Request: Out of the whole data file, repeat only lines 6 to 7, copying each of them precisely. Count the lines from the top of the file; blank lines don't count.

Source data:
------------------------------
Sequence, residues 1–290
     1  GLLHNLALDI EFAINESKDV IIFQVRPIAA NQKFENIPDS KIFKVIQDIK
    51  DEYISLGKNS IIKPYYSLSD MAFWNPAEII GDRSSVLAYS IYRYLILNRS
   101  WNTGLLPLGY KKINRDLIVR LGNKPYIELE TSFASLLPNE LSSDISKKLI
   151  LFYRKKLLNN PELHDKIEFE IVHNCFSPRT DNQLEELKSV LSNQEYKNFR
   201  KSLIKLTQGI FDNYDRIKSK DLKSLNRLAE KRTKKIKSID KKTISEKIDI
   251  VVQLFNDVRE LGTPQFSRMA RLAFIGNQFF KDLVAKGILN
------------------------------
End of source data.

   201  KSLIKLTQGI FDNYDRIKSK DLKSLNRLAE KRTKKIKSID KKTISEKIDI
   251  VVQLFNDVRE LGTPQFSRMA RLAFIGNQFF KDLVAKGILN